Two CapitaLand Reits propose merger to form third largest in Asia-Pacific

The new, combined Reit will have a market cap of about $16.8 billion, and a combined property value of about $22.9 billion.
The new, combined Reit will have a market cap of about $16.8 billion, and a combined property value of about $22.9 billion.PHOTO: CAPITALAND

SINGAPORE (THE BUSINESS TIMES, BLOOMBERG) - CapitaLand on Wednesday (Jan 22) announced the proposed merger of CapitaLand Commercial Trust (CCT) and CapitaLand Mall Trust (CMT) in an $8.27 billion cash-and-stock deal, extending the wave of consolidation in the sector.

The new combined entity - called CapitaLand Integrated Commercial Trust (CICT) - is expected to become the third largest real estate investment trust (Reit) in the Asia-Pacific and the biggest in Singapore, with a market cap of about $16.8 billion, and a combined property value of about $22.9 billion. This is based on valuations of CMT's and CCT's properties as at Dec 31, 2019.

CICT will have the ability to undertake up to $4.6 billion of overseas acquisitions in developed countries, while remaining predominantly Singapore-focused.

"As the largest S-Reit (Singapore Reit), CICT will be CapitaLand's primary investment vehicle for commercial real estate in Singapore and other developed markets," the company said on Wednesday.

With 15 shopping centres, CMT is the largest mall owner here, while CCT is the biggest office landlord with 10 buildings, eight in Singapore and two in Frankfurt, Germany. The properties include Funan, Plaza Singapura, Junction 8 and Tampines Mall for CMT; and Asia Square Tower 2, CapitaGreen and One George Street for CCT.

The deal, by way of a trust scheme of arrangement, is subject to the approval of unitholders of CMT and CCT, and will see CMT acquiring all the issued units in CCT in the form of cash and new CMT units.

For each CCT unit they hold, CCT unitholders will receive $0.259 in cash and 0.72 new CMT units at an issue price of $2.59 apiece. This means that CCT unitholders will be paid a scheme consideration of $2.1238 per CMT unit, which implies a gross exchange ratio of 0.82 times.

The deal is expected to lead to higher distribution per unit (DPU) for both CMT and CCT after it goes through. For illustrative purposes, the pro-forma DPU accretion will be about 1.6 per cent for CMT and 6.5 per cent for CCT as at Dec 31, 2019, if the merger had been completed on Jan 1, 2019, and if CMT had held and operated the properties of CCT through to Dec 31.

With the proposed merger, the CapitaLand group will have five Reits listed on the Singapore Exchange: CICT, Ascendas Real Estate Investment Trust, Ascott Residence Trust, Ascendas India Trust and CapitaLand Retail China Trust. CapitaLand will also retain its sponsor stake of about 29.1 per cent in the merged entity.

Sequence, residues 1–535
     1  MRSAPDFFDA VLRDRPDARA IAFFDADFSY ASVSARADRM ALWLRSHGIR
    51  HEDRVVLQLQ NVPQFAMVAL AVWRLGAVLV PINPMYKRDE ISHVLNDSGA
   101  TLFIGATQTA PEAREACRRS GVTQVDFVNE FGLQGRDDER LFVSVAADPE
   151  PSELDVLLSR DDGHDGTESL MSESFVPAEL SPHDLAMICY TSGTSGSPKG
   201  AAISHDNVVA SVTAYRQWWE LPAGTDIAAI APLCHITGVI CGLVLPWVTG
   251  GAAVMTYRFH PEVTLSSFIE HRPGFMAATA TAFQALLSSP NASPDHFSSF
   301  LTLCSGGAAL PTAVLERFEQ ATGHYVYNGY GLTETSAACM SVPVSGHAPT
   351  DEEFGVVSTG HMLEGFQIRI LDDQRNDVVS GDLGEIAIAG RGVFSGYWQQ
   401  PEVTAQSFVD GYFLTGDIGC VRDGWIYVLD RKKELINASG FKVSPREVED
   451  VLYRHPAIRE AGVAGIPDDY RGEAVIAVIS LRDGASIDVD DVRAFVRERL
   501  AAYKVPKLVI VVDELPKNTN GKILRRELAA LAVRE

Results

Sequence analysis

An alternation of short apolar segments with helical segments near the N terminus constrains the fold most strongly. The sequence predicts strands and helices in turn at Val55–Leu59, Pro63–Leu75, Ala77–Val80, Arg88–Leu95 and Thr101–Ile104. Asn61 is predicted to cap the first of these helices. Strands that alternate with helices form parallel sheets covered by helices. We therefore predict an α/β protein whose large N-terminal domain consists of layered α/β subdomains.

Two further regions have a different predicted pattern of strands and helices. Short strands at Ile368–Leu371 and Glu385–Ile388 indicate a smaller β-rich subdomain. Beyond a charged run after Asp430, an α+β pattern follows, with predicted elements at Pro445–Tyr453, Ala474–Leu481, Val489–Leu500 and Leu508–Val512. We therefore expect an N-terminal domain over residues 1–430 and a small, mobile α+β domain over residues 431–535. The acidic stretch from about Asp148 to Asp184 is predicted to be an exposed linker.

The merger is at least the fifth tie-up among Singapore-listed Reits over the past 12 months and ranks as one of the top 10 merger and acquisition deals of all time in Singapore. Benefits include the ability to consolidate management expertise and build a bigger war chest for acquisitions.

 
 

"It's a trend where we see Reits pushing for bigger size and diversification, both in terms of geography and asset type," said Mr Joel Ng, an analyst at KGI Securities (Singapore). "Given the limited opportunities in Singapore for retail and office acquisitions, the combined entity will allow for more such integrated developments as it expands overseas."

CHEAPER CAPITAL

The enlarged scale of the combined portfolio should allow the new group to compete better in Singapore and overseas in the retail and office sectors. Higher trading liquidity and a potential for positive re-rating could also bring a more competitive cost of capital.

The takeover action kicked off in January last year when CapitaLand struck a $6 billion deal with Temasek Holdings to combine Ascendas and Singbridge.

OUE Commercial Reit in April agreed to buy OUE Hospitality Trust. And in July, Ascott Residence Trust and Ascendas Hospitality Trust agreed to create the largest hospitality trust in the Asia-Pacific region, with $7.6 billion of assets comprising serviced residences and hotels.

Last month, Frasers Logistics & Industrial Trust agreed to buy Frasers Commercial Trust in a $1.5 billion deal.

 
 

The total cost of the latest proposed merger is estimated at $8.27 billion, including $999.1 million in cash consideration and about 2.78 billion new CMT units issued at $2.59 apiece. 

Trading in CCT and CMT was halted on Wednesday morning before the stock market opened. CCT units closed two cents or 0.9 per cent lower at $2.13 on Tuesday, while CMT units closed down two cents or 0.8 per cent at $2.59.

The proposed merger is subject to approval by unitholders of CMT and CCT at upcoming extraordinary general meetings (EGMs), the approval of CCT unitholders at a scheme meeting, as well as regulatory and third-party approvals.

The EGMs and scheme meetings are expected to take place by May, while the payment of cash and consideration units will be made to CCT unitholders by June.  

The deal is expected to be completed before the end of the second quarter this year. Thereafter, CCT will become a wholly owned sub-trust of CMT and be delisted from the Singapore Exchange.